December 29, 2008

Pirates have put Somalia back on the international agenda, but Somalia's people have yet to receive as much protection as the international tankers off-shore. The brutal, widely ignored conflict in Somalia has crept back into the headlines only after spawning a massive humanitarian crisis and Islamist extremism, as well as piracy. But to deal with these issues, the Obama administration will have to break with failed policies that have helped push Somalia into calamity.

Two years ago Somalia stood at a crossroads. After 16 anarchic years without a government, a coalition of Islamic courts had taken control of the capital, Mogadishu, bringing both ominously harsh rule and unprecedented stability. But Somalia's powerful neighbor Ethiopia saw the rise of the bellicose courts as a threat to its national security, and the Bush administration accused the Islamic courts leadership of harboring terrorism suspects -- including individuals suspected of plotting the 1998 US Embassy bombings in Kenya and Tanzania. When Ethiopia intervened militarily to crush the Islamic courts in December 2006, Washington supported its operation.

The last two years have been an unmitigated disaster for the people of Somalia. The conflict pits the Ethiopian forces and Somalia's ineffectual, internationally backed transitional government against a powerful but fragmented insurgency. All sides have routinely committed war crimes and serious human rights abuses. I have interviewed young girls raped by militiamen from the transitional government; mothers whose children were cut to pieces by indiscriminate Ethiopian bombardment; and common laborers shot in the streets by insurgent fighters who saw them as unsupportive of their cause.

Thousands of civilians have been killed, more than a million people are displaced from their homes, and millions of people teeter at the edge of famine. Aid workers, who had managed to assist Somali communities even during the most lawless periods before 2006, have been the targets of dozens of killings and kidnappings in 2008 and now watch helplessly from neighboring Kenya as the situation spirals out of control.

America's most visible response to the crisis has been a series of air strikes against terrorism suspects that have mostly killed civilians. The air strikes--and the way in which US officials have ignored overwhelming evidence of Ethiopian and transitional government war crimes -- have fueled anti-American sentiment.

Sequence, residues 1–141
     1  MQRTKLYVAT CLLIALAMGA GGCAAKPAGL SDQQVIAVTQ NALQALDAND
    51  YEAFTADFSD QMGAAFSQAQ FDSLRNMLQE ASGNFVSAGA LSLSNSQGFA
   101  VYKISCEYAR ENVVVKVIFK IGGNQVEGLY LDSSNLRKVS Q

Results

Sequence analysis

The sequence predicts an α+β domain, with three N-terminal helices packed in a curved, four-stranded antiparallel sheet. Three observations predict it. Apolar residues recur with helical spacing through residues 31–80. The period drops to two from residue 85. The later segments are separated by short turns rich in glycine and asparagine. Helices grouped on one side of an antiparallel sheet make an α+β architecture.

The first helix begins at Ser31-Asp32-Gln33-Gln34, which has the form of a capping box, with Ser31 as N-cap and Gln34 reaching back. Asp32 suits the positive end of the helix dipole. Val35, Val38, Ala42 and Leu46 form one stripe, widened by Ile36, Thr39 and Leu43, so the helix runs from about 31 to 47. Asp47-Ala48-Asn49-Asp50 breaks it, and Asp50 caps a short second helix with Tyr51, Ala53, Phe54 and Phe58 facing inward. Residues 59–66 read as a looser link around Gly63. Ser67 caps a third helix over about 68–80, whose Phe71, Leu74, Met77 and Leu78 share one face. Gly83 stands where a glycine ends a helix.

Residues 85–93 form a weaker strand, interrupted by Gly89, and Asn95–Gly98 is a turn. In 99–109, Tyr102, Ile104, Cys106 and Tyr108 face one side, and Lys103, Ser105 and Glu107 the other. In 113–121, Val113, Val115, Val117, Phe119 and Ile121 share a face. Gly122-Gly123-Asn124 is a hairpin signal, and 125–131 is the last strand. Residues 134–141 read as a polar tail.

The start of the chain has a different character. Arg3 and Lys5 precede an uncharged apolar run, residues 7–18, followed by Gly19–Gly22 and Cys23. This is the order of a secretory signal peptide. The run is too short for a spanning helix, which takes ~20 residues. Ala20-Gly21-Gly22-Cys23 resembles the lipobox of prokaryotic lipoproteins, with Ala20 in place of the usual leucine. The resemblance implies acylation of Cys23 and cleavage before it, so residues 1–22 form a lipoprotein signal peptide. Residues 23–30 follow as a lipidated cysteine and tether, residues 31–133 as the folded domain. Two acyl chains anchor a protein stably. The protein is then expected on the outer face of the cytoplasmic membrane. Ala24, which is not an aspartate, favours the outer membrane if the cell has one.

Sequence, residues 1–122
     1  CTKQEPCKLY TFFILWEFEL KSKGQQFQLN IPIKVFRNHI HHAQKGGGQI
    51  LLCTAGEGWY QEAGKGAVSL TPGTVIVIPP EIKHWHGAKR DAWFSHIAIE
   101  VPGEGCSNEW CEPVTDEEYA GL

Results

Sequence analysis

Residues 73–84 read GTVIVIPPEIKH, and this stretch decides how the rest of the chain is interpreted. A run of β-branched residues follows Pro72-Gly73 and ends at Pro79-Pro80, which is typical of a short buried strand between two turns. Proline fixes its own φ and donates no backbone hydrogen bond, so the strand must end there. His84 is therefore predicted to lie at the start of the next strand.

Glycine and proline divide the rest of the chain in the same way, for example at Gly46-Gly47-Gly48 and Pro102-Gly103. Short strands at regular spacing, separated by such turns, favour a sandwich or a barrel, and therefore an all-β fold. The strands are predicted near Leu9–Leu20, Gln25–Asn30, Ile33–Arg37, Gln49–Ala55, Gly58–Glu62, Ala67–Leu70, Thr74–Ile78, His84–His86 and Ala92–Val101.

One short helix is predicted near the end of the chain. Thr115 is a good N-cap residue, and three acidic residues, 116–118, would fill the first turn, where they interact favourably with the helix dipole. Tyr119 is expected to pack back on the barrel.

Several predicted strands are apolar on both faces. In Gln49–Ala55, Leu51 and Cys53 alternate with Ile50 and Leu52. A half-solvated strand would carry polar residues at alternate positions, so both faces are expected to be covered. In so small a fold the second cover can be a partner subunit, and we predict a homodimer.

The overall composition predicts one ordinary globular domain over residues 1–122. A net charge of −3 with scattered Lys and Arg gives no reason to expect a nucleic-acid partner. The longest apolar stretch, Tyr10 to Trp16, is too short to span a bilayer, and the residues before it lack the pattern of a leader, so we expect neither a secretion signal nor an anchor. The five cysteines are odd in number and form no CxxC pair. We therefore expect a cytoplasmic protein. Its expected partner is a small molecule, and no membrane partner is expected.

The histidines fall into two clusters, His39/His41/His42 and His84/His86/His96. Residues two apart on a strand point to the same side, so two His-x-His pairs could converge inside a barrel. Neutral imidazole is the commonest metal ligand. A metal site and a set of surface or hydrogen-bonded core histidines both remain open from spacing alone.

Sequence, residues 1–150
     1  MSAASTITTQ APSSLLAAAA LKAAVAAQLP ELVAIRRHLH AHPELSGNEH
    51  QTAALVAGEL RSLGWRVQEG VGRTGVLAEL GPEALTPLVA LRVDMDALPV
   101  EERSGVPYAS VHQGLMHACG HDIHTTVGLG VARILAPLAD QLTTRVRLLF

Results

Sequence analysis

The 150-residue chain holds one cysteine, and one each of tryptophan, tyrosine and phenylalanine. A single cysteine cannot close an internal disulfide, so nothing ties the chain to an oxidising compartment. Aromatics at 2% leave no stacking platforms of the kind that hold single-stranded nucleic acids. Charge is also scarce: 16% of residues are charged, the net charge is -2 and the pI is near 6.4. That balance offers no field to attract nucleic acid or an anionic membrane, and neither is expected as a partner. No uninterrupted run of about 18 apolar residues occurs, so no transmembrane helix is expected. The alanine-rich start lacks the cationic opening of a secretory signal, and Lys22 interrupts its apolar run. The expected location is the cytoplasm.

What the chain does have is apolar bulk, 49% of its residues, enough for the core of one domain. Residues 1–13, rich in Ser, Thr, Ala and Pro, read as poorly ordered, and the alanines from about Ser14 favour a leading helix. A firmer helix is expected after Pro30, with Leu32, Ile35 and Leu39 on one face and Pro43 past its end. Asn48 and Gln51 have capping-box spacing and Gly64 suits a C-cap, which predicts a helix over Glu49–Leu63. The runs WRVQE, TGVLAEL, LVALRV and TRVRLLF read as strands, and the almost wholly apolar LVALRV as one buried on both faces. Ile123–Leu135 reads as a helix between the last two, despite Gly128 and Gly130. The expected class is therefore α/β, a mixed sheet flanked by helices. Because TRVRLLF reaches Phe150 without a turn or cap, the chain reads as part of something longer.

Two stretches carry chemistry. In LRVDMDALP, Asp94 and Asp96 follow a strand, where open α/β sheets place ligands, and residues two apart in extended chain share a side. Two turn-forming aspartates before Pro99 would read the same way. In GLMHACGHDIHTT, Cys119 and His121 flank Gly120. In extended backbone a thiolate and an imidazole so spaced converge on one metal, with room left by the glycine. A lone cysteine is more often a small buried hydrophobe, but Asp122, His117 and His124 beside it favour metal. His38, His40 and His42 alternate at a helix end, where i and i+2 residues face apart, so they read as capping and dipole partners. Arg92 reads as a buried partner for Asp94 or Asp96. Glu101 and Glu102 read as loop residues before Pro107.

US policy not only has displayed a callous disregard for the basic human rights of Somalis, but it has failed on its own terms, breeding the very extremism it sought to eliminate. Drawing on widespread hostility to the Ethiopian intervention and resentment of the abuses, insurgents loosely grouped under the banner of a group called Al-Shabaab ("youth") have become the most powerful military force on the ground. Al-Shabaab's leaders preach a kind of Islamist extremism that had never managed to take root in Somalia before the nightmare of the last two years. Meanwhile attacks at sea by Somali pirates have grown, unchecked, a product of the lawless chaos that prevails on land. Ethiopia says its battered military will soon withdraw, leaving US policymakers desperate to empower relatively moderate Somali opposition leaders to fill the vacuum.

The Somali crisis is also a regional problem. Tens of thousands of civilians are fleeing into fragile Kenya, which now has the world's largest concentration of refugees, and thousands more face abuses or even death on dangerous journeys across the Gulf of Aden to Yemen. And the unresolved border conflict between Eritrea and Ethiopia continues to exacerbate regional tension, with each government supporting opposing sides in Somalia.

The Obama administration has an opportunity to bring a fresh approach to this escalating, complex crisis. It will have to weigh diplomatic initiatives involving all the countries in the region, the viability of the transitional government forces and peacekeeping forces in Somalia, and the role of the United States military. Accountability for the serious abuses that underpin both the suffering of Somalia's people and the growth of violent extremism is only one element in these challenges, but it is critical. It will mean publicly demanding accountability from all of the parties responsible for war crimes on the ground -- including Ethiopia, Washington's most important strategic ally in the region. The US relationship with Ethiopia is important, but complacency toward war crimes in Somalia will undermine US efforts to address the broader crisis.

There is no easy solution to Somalia, but Washington can show that it is ready to address the challenge by quickly appointing a high-level US envoy on the Horn of Africa and supporting a UN commission of inquiry to investigate the most serious crimes. These steps cannot undo the damage failed US policies have caused in Somalia but they would send the message that the Obama administration is moving in a new and more principled direction.

Chris Albin-Lackey is senior researcher at Human Rights Watch